Thursday, November 01, 2007

How Powerful is the Netroots?

There's an interesting symmetry right now in the blogosphere, in the cases of Albert Wynn (D-MD) and John Doolittle (R-CA). This is a post yesterday over at FireDogLake:

So I have to ask — if we’re to accept Pelosi and Reid’s assertions to the effect that they can’t get anything done because they don’t have the votes, why is Pelosi sticking her nose into a primary to help get reactionary Al Wynn re-elected?

We’re going to try and raise money for Donna Edwards like we did for Darcy Burner before her...

So it’s up to you. Donna is a fantastic candidate. If you want to mitigate the effect that people like Pelosi and Reid have on keeping Bush Dogs like Al Wynn in office and in power, please consider giving to her campaign.

It’s a nice way to tell Nancy Pelosi to stop abusing her position to give reactionary incumbents an unfair advantage.
This is from a somewhat-dated post from RedState:
Meet Eric Egland. You might know him already. He started to deliver resources to our troops in harm's way. He's been on CNN talking about his book, The Blog of War. He's been interviewed by Michelle Malkin. And most importantly, Eric Egland has fought in both Afghanistan and Iraq.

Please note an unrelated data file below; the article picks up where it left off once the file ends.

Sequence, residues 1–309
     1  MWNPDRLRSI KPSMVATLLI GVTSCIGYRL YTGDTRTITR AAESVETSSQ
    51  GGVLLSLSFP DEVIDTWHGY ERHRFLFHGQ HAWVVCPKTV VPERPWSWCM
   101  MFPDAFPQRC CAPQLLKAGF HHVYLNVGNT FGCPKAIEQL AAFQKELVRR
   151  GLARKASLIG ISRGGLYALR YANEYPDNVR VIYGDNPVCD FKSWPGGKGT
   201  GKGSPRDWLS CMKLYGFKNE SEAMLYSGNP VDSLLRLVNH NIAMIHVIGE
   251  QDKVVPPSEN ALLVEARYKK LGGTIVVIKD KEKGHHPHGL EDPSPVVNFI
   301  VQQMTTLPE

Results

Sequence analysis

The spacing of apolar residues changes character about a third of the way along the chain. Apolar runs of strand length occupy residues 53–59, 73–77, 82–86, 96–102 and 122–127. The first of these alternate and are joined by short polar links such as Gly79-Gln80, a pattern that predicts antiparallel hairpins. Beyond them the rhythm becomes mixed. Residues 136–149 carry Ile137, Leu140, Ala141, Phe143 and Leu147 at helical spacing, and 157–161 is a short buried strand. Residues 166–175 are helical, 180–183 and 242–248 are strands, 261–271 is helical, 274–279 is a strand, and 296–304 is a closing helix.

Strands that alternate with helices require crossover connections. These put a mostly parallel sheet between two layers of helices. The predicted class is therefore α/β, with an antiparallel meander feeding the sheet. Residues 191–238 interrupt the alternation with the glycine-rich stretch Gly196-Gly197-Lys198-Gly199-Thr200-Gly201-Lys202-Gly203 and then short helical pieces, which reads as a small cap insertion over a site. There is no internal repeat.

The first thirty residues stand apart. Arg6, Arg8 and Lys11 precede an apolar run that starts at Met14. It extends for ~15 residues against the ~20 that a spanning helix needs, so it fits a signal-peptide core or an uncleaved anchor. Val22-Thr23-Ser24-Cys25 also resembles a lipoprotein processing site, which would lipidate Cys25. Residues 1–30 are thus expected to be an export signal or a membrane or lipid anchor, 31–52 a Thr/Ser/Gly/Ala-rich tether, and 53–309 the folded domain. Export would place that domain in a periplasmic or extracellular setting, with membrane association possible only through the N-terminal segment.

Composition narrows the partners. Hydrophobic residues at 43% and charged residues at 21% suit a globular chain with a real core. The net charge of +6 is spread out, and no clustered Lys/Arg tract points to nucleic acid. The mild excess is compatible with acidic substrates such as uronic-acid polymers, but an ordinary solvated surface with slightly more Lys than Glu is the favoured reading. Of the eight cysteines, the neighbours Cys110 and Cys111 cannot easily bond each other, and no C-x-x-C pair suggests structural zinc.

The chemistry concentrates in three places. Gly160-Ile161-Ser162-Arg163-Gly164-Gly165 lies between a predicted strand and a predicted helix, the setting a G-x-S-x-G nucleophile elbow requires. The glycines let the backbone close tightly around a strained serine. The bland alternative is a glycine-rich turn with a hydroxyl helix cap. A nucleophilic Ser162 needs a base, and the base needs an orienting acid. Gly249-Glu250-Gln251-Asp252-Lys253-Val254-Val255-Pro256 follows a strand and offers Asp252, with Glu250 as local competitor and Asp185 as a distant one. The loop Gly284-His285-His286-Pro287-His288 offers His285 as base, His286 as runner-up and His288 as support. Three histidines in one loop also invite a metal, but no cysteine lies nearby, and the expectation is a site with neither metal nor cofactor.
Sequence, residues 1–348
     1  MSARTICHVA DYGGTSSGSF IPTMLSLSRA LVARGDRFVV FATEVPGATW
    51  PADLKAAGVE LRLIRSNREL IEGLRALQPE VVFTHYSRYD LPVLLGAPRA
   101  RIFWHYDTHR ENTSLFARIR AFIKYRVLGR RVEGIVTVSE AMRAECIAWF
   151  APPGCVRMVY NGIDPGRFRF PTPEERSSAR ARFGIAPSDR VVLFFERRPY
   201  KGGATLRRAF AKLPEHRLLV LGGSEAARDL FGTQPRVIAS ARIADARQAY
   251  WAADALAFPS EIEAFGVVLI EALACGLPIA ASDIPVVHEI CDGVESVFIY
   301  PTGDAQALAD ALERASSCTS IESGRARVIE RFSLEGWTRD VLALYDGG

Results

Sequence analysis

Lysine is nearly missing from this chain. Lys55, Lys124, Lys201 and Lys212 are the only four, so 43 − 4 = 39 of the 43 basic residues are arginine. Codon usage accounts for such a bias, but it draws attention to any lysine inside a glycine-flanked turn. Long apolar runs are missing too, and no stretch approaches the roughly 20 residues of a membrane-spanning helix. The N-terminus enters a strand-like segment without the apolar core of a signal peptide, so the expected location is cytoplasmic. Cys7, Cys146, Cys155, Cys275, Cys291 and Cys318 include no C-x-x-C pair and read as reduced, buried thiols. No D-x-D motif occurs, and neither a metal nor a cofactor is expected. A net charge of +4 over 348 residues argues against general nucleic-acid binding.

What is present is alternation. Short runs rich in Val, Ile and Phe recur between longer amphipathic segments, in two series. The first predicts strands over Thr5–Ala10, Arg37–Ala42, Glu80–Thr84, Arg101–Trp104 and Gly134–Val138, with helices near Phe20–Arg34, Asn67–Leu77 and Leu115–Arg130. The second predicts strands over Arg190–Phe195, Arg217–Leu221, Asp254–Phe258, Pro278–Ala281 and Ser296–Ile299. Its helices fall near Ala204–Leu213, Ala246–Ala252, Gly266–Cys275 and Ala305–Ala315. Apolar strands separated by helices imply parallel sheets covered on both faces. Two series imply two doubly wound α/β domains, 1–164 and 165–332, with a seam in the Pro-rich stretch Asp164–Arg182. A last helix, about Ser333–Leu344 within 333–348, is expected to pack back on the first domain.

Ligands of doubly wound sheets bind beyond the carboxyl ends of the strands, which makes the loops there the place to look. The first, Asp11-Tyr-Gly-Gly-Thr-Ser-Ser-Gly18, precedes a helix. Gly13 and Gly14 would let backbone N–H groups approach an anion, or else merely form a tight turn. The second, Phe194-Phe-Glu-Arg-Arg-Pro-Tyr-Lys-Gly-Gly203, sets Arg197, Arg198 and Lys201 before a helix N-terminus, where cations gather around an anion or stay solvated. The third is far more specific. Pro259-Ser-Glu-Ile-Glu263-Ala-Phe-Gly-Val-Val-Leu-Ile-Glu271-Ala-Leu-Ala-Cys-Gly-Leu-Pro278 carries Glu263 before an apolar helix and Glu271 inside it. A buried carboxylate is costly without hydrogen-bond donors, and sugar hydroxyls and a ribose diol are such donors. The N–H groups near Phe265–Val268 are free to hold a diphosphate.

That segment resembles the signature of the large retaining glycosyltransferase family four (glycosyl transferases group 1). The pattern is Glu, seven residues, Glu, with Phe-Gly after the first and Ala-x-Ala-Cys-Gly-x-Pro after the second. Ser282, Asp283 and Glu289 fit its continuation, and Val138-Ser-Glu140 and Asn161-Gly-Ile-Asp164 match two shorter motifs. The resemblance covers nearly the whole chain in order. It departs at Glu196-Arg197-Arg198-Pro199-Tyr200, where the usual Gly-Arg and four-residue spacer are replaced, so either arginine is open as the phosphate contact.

He's a pro-life conservative in a very Republican, conservative district. In fact, he's running against a Republican and we want you to help us help Eric Egland.

Eric is running against the corrupt, embattled John Doolittle, the national face of Republican scandal. Doolittle had to step down from the House Appropriations Committee because of the pending investigation against him. The FBI has already raided his home. But Doolittle won't retire because if he gets re-elected one more time he can get his full congressional pension.

This is a seat that will stay Republican. But, should Doolittle stay in it, it's a seat that could drag down other Republicans because of Doolittle's scandal. In 2004, Bush won it with over 60% of the vote.

Eric Egland is a stellar candidate, a small government conservative, and our choice for CA-04.
For all the attention to the Democratic Netroots -- the teams at DailyKos, FireDogLake, MyDD, OpenLeft, and elsewhere -- it's not at all clear to me that they have any more influence over the policies of their party in Washington than do the blogs of the Right. As righty bloggers seek to grow our influence inside the beltway, it's important to keep expectations reasonable. It's probably also important that bloggers attempt to continue to grow hand-in-hand with existing conservative institutions -- such as Heritage, Club for Growth, as well as business associations such as NAM, the Chamber, NFIB, and other right-leaning lobbies.

To the extent that conservative blogs can stay on the same page as existing powers in the party, it increases our ability to wield influence effectively.

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